UK home secretary has revealed a number of proposals regarding treating survivors of DV in court

The UK home secretary Amber Rudd proposed in February 2018 a series of proposals to aid the treatment of domestic violence survivors in court. One measure seeks to make it automatic that victims of domestic violence will be eligible to give evidence behind a screen (to prevent them having to face their abusers).

Some DV charities such as Women’s Aid have welcomed the measures but highlight that domestic abuse survivors are still being subjected to the “abhorrent practice” of being interrogated by their abusers within the family courts. Katie Ghose, the chief executive of Women’s Aid, commented  “We know that the cross-examination of victims in the family courts by their abusive former partner is far too common.’

The practice of abusers being permitted to question their partners was originally going to be prevented under the prisons and courts bill. However, this was side-lined when Theresa May called a general election.

Rudd’s proposals will form part of a consultation on what to include in the Domestic Abuse Bill. Amber Rudd commented on the consultation in the Times saying:

“It [the consultation] will ask how we can improve our response in the home, in the community, in the courtroom, through to public services, accommodation for women fleeing their abuser, as well as how we can strengthen our laws to stop perpetrators and when possible rehabilitate them.’

The new bill is described here.

However, there is an overhaul proposed by the Ministry of Housing, Communities and Local Government which includes plans to remove refuges and other forms of short-term supported housing from the welfare system. It is suggested this will result in vulnerable women fleeing abusive partners being unable to pay for their accommodation using their housing benefit. To put this in perspective on average housing benefit makes up 53% of refuge funding.  It is anticipated the impact will be far reaching if these proposals go ahead.

Respect launch revised standards framework designed to ensure safe, effective, accountable work with perpetrators of domestic violence and abuse

 

Respect is the UK membership organisation for work with domestic violence perpetrators, male victims of domestic violence and young people’s violence in close relationships. In 2015-16, it was estimated that 2 million adults aged 16 to 59 were victims of domestic violence in England and Wales alone, with 1.03 million domestic abuse related incidents recorded by the police during the year. Domestic abuse-related crimes now account for 1 in 10 of all criminal offences. Respect believes every local area should offer comprehensive specialist support services for survivors of domestic violence and abuse.

CEO of RESPECT Jo Todd explains:

“Survivors deserve more than support; they need to know that agencies are working together to deal with perpetrators effectively. That means providing opportunities for perpetrators to change, but it also means holding them to account and taking steps to disrupt and prevent future violence and abuse.”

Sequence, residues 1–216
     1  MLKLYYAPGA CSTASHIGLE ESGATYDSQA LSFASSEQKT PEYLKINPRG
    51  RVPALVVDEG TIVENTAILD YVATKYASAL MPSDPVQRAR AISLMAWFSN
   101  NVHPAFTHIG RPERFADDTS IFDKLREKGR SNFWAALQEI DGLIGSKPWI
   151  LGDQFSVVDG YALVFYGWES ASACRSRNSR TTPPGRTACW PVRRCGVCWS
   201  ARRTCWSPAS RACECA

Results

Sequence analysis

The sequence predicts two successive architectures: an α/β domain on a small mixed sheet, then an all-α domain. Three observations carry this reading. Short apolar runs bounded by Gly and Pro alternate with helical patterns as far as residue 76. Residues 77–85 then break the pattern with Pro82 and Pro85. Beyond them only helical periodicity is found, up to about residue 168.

Respect have published the third edition of The Respect Standard an evidence based framework which sets out criteria for working safely and effectively with perpetrators of DVA including integrated support services. First published in 2008 the Respect Standard is regularly revised to ensure it is reflective of current practice and emerging evidence. The third edition of The Standard encompasses all work carried out with perpetrators including: early interventions, behaviour change programmes, high intensity case management and disruption activities. It aims to covers the whole cohort of perpetrators: whether they be in straight or in same sex relationships, motivated to change or not. The third edition also allows services who offer interventions with people with different levels of risk and need to apply for accreditation.

Achieving Respect accreditation enables organisations to evidence their good practice and remain accountable to stakeholders via a robust and thorough full scrutiny audit which carried out by expert assessors. To ensure that all services meet or exceed quality standards in management, intervention delivery, diversity and equality and multiagency work this audit consists of a desk top review, site visits, dip sampling of client work videos and interviews with staff and stakeholders. It is underpinned by 10 core principles including ‘do no harm’, ‘gender matters’, ‘safety first’ and ‘sustainable change’.

The official launch event took place at the House of Commons and was hosted by Thangam Debonnaire MP and attended by 60 invited guests, including specialists in the field of domestic violence and abuse and parliamentarians with an interest in this vital area of work.

Sarah Newton MP writes in the introduction that the framework:

‘focuses on perpetrator interventions, and makes sure they are delivered professionally and competently and are effective in reducing harm. Most importantly, the Standard ensures that further harm is not inflicted on survivors or their children, something which is vital if we are to ensure support and safety for the survivor and help them move on with their lives.’

To download a copy of the framework and the accompanying outcome framework please visit the Respect Website here